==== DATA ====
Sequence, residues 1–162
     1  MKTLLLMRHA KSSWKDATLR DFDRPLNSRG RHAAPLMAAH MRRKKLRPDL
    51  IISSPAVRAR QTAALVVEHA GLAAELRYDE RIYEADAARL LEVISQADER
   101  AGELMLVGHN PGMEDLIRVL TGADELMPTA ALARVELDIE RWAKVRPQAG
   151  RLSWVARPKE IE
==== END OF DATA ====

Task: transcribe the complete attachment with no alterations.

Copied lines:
Sequence, residues 1–162
     1  MKTLLLMRHA KSSWKDATLR DFDRPLNSRG RHAAPLMAAH MRRKKLRPDL
    51  IISSPAVRAR QTAALVVEHA GLAAELRYDE RIYEADAARL LEVISQADER
   101  AGELMLVGHN PGMEDLIRVL TGADELMPTA ALARVELDIE RWAKVRPQAG
   151  RLSWVARPKE IE